While legitimate constraints to unfettered speech exist - including libel, impersonation, threats and incitement to violence - any exceptions must be limited, well-defined, and serve the public interest. Any proposal that seeks to further limit free expression must pass a high burden of proof in order to counter legitimate concerns about overreach, ambiguity, and selective enforcement.

Therefore the goal of hate speech laws must be to protect individuals from physical harm. However, they rarely achieve this aim. After studying the issue in many countries, Human Rights Watch stated "there is little connection in practice between draconian hate speech laws and the lessening of ethnic and racial violence or tension." The same conclusion was reached by the European Parliament and the UN High Commissioner for Human Rights.

The key problem with hate speech laws is that hate speech is impossible to define in such a way as to meet the twin goals of targeting a significant portion of unacceptable expression while respecting the principle of free speech. If its scope is very narrow and specific, any new law will have minimal impact on Canadian public discourse. But a broadly worded Act would necessarily encompass much speech protected by section 2(b) of the Canadian Charter of Rights and Freedoms. Additionally, in many countries (including established democracies) hate speech laws have often been disproportionately enforced against members of the very minority groups they were designed to protect.

Overly broad hate speech laws also have a non-trivial chilling effect on all public criticism. The Supreme Court has described "hatred" as speech "that is likely to expose" people to "hatred or contempt": "unusually strong and deep-felt emotions of detestation, calumny and vilification"; and "enmity and extreme ill-will [...] which goes beyond mere disdain or dislike." How can a person know whether their strong negative opinion of a person or group will be considered "disdain" - permissible - or "detestation" - punishable? In a dissenting opinion on the Keegstra case, Supreme Court Justice McLachlin wrote, the "sanction of the criminal law may pose little deterrent to a convinced hate-monger who may welcome the publicity it brings; it may, however, deter the ordinary individual."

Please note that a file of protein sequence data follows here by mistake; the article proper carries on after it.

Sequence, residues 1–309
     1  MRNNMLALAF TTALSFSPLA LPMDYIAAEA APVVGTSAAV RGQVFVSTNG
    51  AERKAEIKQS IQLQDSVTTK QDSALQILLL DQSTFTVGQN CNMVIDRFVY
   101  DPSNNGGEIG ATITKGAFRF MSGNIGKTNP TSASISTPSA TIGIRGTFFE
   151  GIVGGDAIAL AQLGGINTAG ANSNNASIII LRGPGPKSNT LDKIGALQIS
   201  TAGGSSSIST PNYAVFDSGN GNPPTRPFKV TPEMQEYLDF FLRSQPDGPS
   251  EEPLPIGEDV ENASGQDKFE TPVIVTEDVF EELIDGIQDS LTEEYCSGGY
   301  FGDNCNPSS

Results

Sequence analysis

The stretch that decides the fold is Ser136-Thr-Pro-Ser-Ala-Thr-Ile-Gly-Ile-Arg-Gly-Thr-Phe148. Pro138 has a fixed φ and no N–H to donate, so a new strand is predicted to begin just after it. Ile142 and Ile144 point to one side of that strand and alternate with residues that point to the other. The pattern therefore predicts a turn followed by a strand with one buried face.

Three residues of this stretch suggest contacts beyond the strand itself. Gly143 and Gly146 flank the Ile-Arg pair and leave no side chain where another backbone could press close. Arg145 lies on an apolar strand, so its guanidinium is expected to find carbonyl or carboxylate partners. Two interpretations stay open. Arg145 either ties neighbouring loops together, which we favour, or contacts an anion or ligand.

Hate speech laws leave three options for those inclined to engage in hateful, discriminatory speech: taking the forbidden expression underground; couching their ideas in more subtle rhetoric to evade punishment; or leaving the message unchanged (or perhaps make it even more provocative) as the speakers seek the publicity that results from prosecution. Perhaps that is why Canada has so rarely invoked its existing hate speech law.

With the increasing prevalence of social media in the lives of Canadians, the CSA recognizes that the way we communicate and connect with each other has changed and new challenges have emerged. The CSA recognizes that these are serious issues that require attention, but they fall outside of our mandate so we will defer to other experts for appropriate remedies. We urge the Government to avoid the fallacious reasoning of, "We must do something. This is something - therefore we must do it."

We urge this committee to maintain its commitment to crucial Charter values of free speech and equality for all under the law. This can only be realized when government neither supports nor suppresses religious expression, but remains neutral. Thank you.